Living in Tennessee, most people I know vacation along the Gulf of Mexico coast, and it seemed so cliché, but I had to find out why the white sandy beaches of the Emerald Coast in Florida appeared to be the top vacation destination among my co-workers and friends. There had to be a good reason why nearly every car I see around town sports a 30A sticker.
I started my adventure with a scenic drive of the infamous County Highway 30A. My first stop landed me seeking coffee and breakfast at Fonville Press. Their gorgeous espresso machine swooned me, and their chorizo scramble gave me some serious shakshuka vibes. I knew it was a good sign to start off my trip. I grabbed a kombucha to go and took a walk around Alys Beach.
The beaches are private to home owners and guests, so I did not get to take a look, but the homes of Alys Beach are truly magical. I walked along the streets feeling transported to another world. The cohesive white buildings were decorated with succulents, and most featured a courtyard with a pool like you might find in the Mediterranean. If ever you think I’ve run away, you can find me in Alys Beach.
I typically am a solo traveler, but my friend’s trip happened to overlap with mine, so we met up for dinner and wore matching outfits by total coincidence. We both enjoyed snow crab legs at Brotula’s, which featured a great harbor view from the deck.
My beach day was incredible! Since I was not staying at a hotel with a private beach, I opted for Henderson Beach State Park, which has a small paid entry fee. I went off-peak, so parking was plentiful, and it was definitely worth the $4 single car entry. I made so many fish friends, and they kept following me through the water. I was told this water was considered murky by Emerald Coast standards, but even with its greenish tint, it was remarkably clear and not too salty. The white sand really was incredible and only felt moderately warm on my bare feet even on a scorching hot day.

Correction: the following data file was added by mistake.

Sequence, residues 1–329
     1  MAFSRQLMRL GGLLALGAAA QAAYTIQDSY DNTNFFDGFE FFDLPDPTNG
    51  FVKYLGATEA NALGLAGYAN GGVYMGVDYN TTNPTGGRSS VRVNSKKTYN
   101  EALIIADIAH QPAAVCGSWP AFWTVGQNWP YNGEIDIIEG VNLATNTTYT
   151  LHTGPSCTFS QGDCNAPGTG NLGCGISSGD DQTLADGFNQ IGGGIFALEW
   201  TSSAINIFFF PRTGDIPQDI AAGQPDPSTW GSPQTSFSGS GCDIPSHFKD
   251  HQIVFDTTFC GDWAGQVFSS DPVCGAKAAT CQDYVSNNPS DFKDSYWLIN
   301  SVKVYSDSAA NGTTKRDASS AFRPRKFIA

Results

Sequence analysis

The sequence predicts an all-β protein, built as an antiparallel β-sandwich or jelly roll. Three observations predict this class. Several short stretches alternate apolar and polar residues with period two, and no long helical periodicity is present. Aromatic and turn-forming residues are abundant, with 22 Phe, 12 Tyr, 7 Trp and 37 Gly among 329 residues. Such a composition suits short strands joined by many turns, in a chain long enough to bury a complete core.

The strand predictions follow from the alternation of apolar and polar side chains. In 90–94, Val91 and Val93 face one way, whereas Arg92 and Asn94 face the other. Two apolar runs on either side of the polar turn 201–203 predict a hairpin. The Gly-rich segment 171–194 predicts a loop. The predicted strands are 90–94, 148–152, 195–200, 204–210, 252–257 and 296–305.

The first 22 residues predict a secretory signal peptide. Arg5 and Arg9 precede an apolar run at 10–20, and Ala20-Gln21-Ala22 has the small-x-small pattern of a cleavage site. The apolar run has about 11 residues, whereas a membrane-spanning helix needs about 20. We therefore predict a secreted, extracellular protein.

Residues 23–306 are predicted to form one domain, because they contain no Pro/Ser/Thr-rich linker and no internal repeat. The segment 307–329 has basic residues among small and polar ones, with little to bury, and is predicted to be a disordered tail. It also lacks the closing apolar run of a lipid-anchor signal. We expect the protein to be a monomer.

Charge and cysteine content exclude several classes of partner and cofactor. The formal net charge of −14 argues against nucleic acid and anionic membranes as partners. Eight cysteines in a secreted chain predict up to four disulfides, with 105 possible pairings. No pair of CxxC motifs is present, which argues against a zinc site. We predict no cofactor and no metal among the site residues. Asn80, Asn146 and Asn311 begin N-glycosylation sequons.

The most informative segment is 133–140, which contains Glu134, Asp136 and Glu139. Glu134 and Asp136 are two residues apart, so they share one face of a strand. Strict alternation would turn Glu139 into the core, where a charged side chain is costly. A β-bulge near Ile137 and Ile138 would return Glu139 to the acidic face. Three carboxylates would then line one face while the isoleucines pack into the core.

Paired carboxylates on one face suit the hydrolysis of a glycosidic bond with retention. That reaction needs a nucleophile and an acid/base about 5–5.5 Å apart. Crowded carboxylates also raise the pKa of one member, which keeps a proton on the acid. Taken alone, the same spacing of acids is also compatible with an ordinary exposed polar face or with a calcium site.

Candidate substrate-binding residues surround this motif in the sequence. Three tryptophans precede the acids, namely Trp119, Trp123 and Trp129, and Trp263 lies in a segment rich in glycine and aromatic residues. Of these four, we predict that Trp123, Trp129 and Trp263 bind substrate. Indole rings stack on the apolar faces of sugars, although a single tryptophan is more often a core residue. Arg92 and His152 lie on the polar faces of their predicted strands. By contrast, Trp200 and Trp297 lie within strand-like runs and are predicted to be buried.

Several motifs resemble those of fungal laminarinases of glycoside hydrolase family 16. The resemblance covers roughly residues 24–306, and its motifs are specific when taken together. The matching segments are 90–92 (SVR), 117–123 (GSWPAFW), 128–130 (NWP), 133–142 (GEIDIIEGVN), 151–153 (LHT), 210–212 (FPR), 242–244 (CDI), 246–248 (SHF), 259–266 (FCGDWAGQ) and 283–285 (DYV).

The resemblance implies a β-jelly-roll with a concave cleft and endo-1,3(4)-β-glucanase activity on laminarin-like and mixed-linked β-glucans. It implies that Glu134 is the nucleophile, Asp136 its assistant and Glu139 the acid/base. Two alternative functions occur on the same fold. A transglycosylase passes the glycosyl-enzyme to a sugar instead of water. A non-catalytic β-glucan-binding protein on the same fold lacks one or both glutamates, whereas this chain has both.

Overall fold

Next door to Henderson Beach State Park is The Henderson Beach Resort & Spa. The resort is just two years old, but showcases the 1950s and 1960s history of the land which it sits upon with photos of fishermen, beauty queens, and the old docks scattered throughout the hotel. It also pays tribute to classic American diners with its ice cream shop Sprinkles, which is conveniently located next to the children’s activity room. As a single adult, I appreciate that the resort is designed for adults to have their getaway space from kids with a rooftop ideal for cocktails and a fire pit begging for red wine, but is also family friendly around the lazy river and shallow pool for summer trips. The western-facing balcony rooms and rooftop allow the perfect view to watch the sky turn gold over Henderson Beach at sunset.
Created in 1995, Rosemary’s Beach pays tribute to old Florida with its traditional homes, but features a modern layout with shopping, restaurants, homes, and town center all within walking distance of the beach. The Pearl Hotel sits on Main Street and has ocean views from every level. It boasts a Forbes Travel Guide 4 star rating, and it’s no wonder when you take a look around. The Havana Beach Bar and Grill takes atmosphere inspiration from La Floridita in Cuba, and the food was to die for. A Hemmingway daiquiri with a view of the water was the perfect way to end my trip.
I went into this trip with a distaste for Florida after poor experiences on the eastern coast, but I found myself at the adorable Northwest Florida Beaches Airport waiting for my departure by looking at real estate along the Gulf. I understand now why the white sandy beaches reel in my fellow Tennesseans, and I’m right with them when I say I don’t ever want to leave.